the tofu was tasty (as opposed to trying a bit of it plain when I opened the package – – plain!). The seasoned tofu actually had a nice brown coloring and flavor and really did look a lot like chicken stir fry. The whole dish tasted great and I’m grateful for the opportunity to apply these concepts to a meatless dish and know how easy and healthy it can be once you have some key ingredients on hand. I’m so glad I’m taking this course. Thanks, Chef Julie!

Resistance 1

Today I shared with a certain family member my journey into eating foods that don’t include animal meat. The response I got was less than supportive . . . “oh what are you doing that for? you eat healthy enough, you don’t need to do that too. I don’t think you should/need to do that.”

My gut feeling was to defend myself, but I resisted . . . and just let this person have their podium, so to speak…. since I realized I didn’t need to defend, nor did I really want to when someone is being quite defensive…. I realized for me that the only one who really matters with this is me. I’m ok with this journey I’m exploring .  But it sure can take you back when a response like this comes at you.

I suppose like anything new there will be some kinks to work out as you go along – situations faced in order to handle in a new way.

But I must say it rattled me a bit – and I then start to question myself, etc. My reason for doing so was to sort of “prep” for some upcoming family time together. Funny how some from my family can be a bit condescending (perhaps knowing it or not knowing it)! Anyhow, it’s good to get that out . . .

And I realize once again the concept of  “the mirror” – – and even projection.  Perhaps something I do or say results in a “twinge” in someone else – it’s like you are their mirror and we get to see the face of something they can’t seem to see for themselves.

So when I spoke with yet another family member tonight on the same topic, part of me sort of expected a similar response, yet I was pleasantly surprised that not only was it not negative, it was incredibly supportive. This family member offered some ideas for recipes they’ve tried and also some sample combos that worked for them. Really, I sighed a breath of relief . . . this reflection was much nicer! Which leads me to another point, the same statement can lead to very different responses from different people!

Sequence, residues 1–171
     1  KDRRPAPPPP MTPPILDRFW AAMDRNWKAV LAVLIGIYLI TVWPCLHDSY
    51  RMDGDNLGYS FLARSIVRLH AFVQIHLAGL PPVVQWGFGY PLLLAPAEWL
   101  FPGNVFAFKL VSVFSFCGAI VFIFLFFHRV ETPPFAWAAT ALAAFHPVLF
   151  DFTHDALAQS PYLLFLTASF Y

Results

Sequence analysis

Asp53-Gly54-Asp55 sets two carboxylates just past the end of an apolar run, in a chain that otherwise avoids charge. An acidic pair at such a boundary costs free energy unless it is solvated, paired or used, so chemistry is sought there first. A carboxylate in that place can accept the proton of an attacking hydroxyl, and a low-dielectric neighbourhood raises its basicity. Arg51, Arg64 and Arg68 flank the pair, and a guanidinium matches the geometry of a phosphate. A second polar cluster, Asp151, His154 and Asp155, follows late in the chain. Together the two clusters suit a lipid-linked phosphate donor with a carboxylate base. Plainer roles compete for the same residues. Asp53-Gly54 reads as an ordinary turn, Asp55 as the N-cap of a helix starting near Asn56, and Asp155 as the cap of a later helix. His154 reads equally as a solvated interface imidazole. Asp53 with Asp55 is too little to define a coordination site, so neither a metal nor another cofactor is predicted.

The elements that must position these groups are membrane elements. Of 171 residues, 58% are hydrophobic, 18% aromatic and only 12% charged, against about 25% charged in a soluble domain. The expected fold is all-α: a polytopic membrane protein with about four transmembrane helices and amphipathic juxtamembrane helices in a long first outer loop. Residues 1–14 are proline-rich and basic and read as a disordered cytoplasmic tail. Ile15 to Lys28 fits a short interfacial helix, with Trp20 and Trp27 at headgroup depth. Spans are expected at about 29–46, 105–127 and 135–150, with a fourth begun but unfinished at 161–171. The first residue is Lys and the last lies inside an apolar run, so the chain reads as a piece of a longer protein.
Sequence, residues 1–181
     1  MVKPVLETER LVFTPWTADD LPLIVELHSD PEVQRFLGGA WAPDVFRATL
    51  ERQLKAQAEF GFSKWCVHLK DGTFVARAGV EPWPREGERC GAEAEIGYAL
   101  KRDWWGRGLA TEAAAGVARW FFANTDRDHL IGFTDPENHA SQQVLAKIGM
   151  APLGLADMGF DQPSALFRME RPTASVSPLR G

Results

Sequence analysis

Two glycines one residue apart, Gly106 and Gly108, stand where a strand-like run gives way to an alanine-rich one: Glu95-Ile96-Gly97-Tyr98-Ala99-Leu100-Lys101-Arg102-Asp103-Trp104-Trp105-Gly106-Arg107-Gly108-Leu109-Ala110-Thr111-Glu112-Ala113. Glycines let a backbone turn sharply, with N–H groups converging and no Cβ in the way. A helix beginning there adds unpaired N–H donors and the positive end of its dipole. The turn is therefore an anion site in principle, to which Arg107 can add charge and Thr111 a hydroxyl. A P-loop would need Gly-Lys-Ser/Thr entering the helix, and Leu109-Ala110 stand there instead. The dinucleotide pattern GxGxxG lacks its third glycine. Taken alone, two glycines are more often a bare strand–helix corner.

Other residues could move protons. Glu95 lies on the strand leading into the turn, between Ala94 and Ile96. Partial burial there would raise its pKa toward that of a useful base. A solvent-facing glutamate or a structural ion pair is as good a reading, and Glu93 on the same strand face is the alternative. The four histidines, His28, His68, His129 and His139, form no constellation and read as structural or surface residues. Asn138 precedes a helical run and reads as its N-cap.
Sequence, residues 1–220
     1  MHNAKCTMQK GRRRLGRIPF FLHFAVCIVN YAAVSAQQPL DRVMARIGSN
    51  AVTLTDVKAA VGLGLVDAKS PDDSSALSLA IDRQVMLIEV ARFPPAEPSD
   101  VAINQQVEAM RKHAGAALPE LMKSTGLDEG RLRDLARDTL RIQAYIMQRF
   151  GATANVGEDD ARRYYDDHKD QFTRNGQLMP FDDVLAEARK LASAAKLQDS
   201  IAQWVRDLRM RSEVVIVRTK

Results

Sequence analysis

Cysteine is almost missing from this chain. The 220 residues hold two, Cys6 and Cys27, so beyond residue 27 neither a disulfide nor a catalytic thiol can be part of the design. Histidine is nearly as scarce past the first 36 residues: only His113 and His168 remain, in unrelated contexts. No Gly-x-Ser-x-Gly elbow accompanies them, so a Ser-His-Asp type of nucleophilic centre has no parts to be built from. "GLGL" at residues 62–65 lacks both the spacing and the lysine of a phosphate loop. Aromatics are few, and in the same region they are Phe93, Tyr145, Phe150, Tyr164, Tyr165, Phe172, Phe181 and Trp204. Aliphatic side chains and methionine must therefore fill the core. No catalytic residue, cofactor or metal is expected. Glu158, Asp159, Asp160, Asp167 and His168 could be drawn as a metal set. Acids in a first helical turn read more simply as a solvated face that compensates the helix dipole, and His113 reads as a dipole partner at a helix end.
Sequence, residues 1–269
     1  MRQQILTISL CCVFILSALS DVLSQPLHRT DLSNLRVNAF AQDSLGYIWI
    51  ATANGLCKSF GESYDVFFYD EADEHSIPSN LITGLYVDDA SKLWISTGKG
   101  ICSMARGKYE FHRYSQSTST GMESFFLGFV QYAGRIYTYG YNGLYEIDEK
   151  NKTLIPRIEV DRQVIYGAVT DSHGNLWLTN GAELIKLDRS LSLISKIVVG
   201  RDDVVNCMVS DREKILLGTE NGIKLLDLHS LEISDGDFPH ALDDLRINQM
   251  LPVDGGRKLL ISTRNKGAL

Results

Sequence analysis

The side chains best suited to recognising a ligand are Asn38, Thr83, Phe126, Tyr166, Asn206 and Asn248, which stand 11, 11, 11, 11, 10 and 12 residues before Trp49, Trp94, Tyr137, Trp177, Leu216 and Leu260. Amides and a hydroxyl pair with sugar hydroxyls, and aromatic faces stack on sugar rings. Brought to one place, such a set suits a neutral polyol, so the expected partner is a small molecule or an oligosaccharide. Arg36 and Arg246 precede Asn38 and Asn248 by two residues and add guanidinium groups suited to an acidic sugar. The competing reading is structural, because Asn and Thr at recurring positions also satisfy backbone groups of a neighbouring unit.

So I must continue to remind myself: beware of taking certain negative reactions of others on as my fault/responsibility,  or an indication I’m flawed in some way. I’ve been tempted and have responded that way too often in other situations and it’s not necessary. For me, I’m finding the best way to find that healthy separation and boundary is to be curious, be calm,  be open to considerations yet confident in my choices and that I can manage, allow others their own opinions (with no need on my part to freak out loud – LOL) and be a support for myself. Well, this was a great practice ground for me to do just that, so for this I am grateful.  Funny that something that wasn’t even there (meat) allowed me this opportunity to grow.

Need a Plan

So I’ve been doing pretty well with not eating meat for a bit now. Surprisingly I haven’t had cravings .  It helps too that I work at a university and the dining halls have lots of choices of foods and also vegan stations – so this is quite helpful during the day while I’m at work.

At home it’s been going pretty good too. My youngest son is aware that I’m on this exploration journey with eating and he’s been curious about it and we’ve had some topic discussions. Yet right now my refrigerator is pretty much empty at the moment, with the exception of a bunch of fresh cilantro, a green pepper, bag of whole carrots and a couple of other random things.  So I find myself thinking, what to eat/buy/prepare/etc next?  Besides eating to alleviate hunger where will I get adequate protein, calcium, iron, etc. I feel some sort of plan is in order – – yet my day today is pretty darn full at the moment.

I did try a recipe recently – – – a warm black eyed pea salad with a homemade dressing and that was pretty good. But that is since gone.  What to buy now for food?  What are some good and quick staples to have on hand at home?  These are the things that I’ll need to play around with!